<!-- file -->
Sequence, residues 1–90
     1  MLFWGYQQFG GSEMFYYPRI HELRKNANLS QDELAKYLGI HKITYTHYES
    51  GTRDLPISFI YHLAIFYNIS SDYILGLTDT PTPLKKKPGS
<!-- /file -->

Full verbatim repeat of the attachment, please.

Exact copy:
Sequence, residues 1–90
     1  MLFWGYQQFG GSEMFYYPRI HELRKNANLS QDELAKYLGI HKITYTHYES
    51  GTRDLPISFI YHLAIFYNIS SDYILGLTDT PTPLKKKPGS